European and Canadian Perspectives on the Global Dairy Economy

The latest news from the Grassland 2.0 team on grassland-based agriculture and sustainable agriculture.

European and Canadian Perspectives on the Global Dairy Economy

A Seminar Sponsored by Grassland 2.0 As part of a tour of Wisconsin dairy, André Pflimlin, French Academy of Agriculture, Jean Yves Penn, organic dairy farmer in Brittany-France, and Guy Debailleul, agro-economist, Laval University / Quebec CAN, will stop by campus to offer their insights into dairy economics. The seminar will take place Thursday, September […]

Re-Defining our Places Through Learning Hubs

If improving biodiversity, water quality, and soil health are goals shared by so many, and we know about potential solutions, why aren’t these solutions being more aggressively pursued? Reshaping agriculture in ways that provide a spectrum of ecosystem services can feel daunting. The socially defined context in which farming decisions are made impedes transitions to more regenerative forms of agriculture (Stuart & Houser, 2018). For meaningful changes to occur in our agricultural systems, we need to reshape the way we have socially, politically, economically, and biophysically constructed the places where we grow and consume food (Vogeler, 2019). 

Looking for the perfect burger? Look for local grass-fed

If there is one thing that can be widely agreed upon – it’s that burgers are loved. In fact, market research firm Datassentials notes that burgers are the 10th most loved food in the US across demographic segments out of more than 3,000 items. For folks looking for the perfect all-beef burger, grass-fed is a delicious, healthy option that provides an array of benefits to the environment and the local economy.

Zine-making: Grassland 2.0 leverages counterculture tactics

The Grassland 2.0 Curriculum Development and Education Team has been busy on our latest project, The Gra-Zine (gray-zeen)! The Gra-Zine is a zine – a mini, self-published magazine – exploring topics related to Grassland 2.0’s vision: shifting Upper Midwest dairy farming toward a grass-based agroecosystem. Topics encompass the range of benefits, barriers, and possibilities brought by this transition onto grass.

Thinking as a Community

Grassland 2.0’s Summer Meeting Recap By Greta Landis “Until we build visions and models for the future, we won’t know where we are going, or how to chart our course to get there,” said Randy Jackson, one of the principal investigators of Grassland 2.0. A barn full of 50 farmers, researchers, and conservation and policy […]

New infographic illustrates reintegration of livestock and crops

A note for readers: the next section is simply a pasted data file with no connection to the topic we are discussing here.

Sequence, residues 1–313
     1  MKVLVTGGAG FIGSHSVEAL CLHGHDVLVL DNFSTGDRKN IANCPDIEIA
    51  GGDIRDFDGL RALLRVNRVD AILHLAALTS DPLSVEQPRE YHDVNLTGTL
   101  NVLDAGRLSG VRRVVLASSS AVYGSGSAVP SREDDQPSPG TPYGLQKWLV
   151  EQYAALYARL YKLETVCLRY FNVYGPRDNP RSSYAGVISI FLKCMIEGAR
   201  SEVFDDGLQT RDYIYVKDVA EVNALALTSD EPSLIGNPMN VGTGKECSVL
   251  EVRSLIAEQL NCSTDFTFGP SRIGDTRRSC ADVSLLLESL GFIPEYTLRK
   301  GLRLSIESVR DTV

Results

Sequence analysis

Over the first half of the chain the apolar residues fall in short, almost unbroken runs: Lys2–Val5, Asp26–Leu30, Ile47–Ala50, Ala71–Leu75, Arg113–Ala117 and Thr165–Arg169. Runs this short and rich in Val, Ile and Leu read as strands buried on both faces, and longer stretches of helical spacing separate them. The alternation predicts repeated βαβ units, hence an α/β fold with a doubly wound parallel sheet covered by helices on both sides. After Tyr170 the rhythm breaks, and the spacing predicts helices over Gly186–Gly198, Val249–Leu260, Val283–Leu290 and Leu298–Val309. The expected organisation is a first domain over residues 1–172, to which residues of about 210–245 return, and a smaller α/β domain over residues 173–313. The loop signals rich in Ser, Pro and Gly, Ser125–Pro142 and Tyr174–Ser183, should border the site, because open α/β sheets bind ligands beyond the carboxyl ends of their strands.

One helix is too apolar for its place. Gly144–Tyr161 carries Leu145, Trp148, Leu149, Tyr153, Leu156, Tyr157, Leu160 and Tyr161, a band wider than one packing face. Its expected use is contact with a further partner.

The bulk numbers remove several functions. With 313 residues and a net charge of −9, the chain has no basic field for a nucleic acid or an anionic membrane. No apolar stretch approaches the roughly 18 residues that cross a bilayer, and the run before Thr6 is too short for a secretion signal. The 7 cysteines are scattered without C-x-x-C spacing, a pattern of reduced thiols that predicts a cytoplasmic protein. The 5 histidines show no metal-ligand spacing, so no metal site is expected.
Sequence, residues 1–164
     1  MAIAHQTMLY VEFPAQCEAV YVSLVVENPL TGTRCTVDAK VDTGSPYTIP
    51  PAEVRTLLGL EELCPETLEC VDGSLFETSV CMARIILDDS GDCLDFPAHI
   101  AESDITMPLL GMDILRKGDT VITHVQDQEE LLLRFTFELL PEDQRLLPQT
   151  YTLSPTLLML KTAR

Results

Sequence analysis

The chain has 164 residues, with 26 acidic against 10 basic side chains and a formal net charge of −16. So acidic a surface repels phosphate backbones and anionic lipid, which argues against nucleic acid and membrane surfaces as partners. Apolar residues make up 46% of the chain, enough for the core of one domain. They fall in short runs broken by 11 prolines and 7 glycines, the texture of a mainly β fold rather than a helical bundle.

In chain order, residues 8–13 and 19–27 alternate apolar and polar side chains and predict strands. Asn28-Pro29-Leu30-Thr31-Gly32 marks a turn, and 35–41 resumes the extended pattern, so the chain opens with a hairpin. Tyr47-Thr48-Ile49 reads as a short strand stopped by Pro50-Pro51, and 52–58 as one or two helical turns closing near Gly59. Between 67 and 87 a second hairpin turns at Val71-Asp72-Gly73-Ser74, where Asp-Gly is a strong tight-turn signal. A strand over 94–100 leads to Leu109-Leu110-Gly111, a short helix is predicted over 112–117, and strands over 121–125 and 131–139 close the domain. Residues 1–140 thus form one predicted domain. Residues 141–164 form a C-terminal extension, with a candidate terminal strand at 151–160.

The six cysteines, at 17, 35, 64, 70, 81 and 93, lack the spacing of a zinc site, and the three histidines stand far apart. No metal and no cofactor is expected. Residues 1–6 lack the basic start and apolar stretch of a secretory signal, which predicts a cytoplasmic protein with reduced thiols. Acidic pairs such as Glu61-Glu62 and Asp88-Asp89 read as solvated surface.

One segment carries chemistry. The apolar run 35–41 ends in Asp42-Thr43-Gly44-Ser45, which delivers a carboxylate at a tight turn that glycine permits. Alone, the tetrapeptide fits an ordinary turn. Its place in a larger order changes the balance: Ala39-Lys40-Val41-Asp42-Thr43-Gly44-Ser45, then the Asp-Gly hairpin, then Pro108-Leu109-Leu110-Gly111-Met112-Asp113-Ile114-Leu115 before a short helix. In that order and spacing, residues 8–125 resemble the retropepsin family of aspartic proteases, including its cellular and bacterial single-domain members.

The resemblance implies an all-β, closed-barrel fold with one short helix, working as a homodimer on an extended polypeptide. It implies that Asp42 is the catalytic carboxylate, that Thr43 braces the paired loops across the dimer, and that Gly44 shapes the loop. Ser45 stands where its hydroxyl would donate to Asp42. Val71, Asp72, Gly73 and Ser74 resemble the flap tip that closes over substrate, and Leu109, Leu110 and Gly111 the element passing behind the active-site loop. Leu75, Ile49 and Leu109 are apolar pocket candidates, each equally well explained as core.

Back in the day, diversified farms were the norm—every farm had a mix of livestock, annual crops, and perennial pastures. Though viewed by some as impractical and inefficient in today’s era of specialization, there are sound scientific and economic reasons to pursue diversified farming systems for today’s agriculture. There’s a growing movement of farmers who are reintegrating livestock and crops to recapture some of the economic and environmental benefits they provide. In the Upper Midwest the Match Made in Heaven project is teaming up with innovative crop and livestock farmers to modernize and scale up diversified systems for today’s agriculture.

Accidentally Medicating Our Soil Microbiome

Grassland 2.0 goes global with Carl Wepking, Grassland 2.0 Program Manager, featured on a podcast by Proagni, an Australian-based company dedicated to reducing the environmental and social footprint of agriculture while improving farm economics. That’s a mission we can all get behind. 

Dairy Needs Real Innovation

William D. Hoard’s enlightened understanding of the importance of livestock to soil health, coupled with his courageous advocacy work, helped pull Wisconsin agriculture from the depths of despairing wheat production in the late 19th century. When year after year of wheat production led to devastating disease pressure, he opened a door to unimagined prosperity. Hoard ignited the concept of America’s Dairyland by understanding the importance of diversified cropping to break disease cycles, the role of livestock in recycling nutrients, and the importance of peer-to-peer education to making change.
Hoard’s lore, captured in the booklet “Hilltop Decision,” speaks of how Governor Hoard saw “good farmers” exiting the industry all around him, and he realized the importance of education and technical support to maintain families on the land. We might call his work agricultural innovation because he transformed the industry. That is, Wisconsin agriculture was never the same, and that was a good thing . . . “back in the day.”

Back to his grassroots: Jacob Marty returns to family land with new vision for agriculture

As a dairy farm kid from southwest Wisconsin, Jacob Marty had no desire to return to his family’s farm. He was set on attending UW-Stevens Point and pursuing a career in conservation. Studying wildlife ecology pointed him in an unexpected direction, however: back to the farm.

“I got interested in how we can harmonize food production while also providing habitat for wildlife,” says Jacob. “That led me down this road.”

Watch Jacob Marty share why he had a change of heart, all while fending off an overzealous ram!

The Spring Digital Dialogue Series wraps up with four great presentations

And that is a wrap! This semester’s Digital Dialogue Series brought together over 700 participants to learn about the levers of change needed to bring about a transformational change to our agricultural system. This semester’s series featured four great speakers who discussed policy, populations dynamics and it’s impact on agriculture, watershed adaptive management, examples of innovative partnerships looking to create change, and the interplay of environmental laws and agriculture.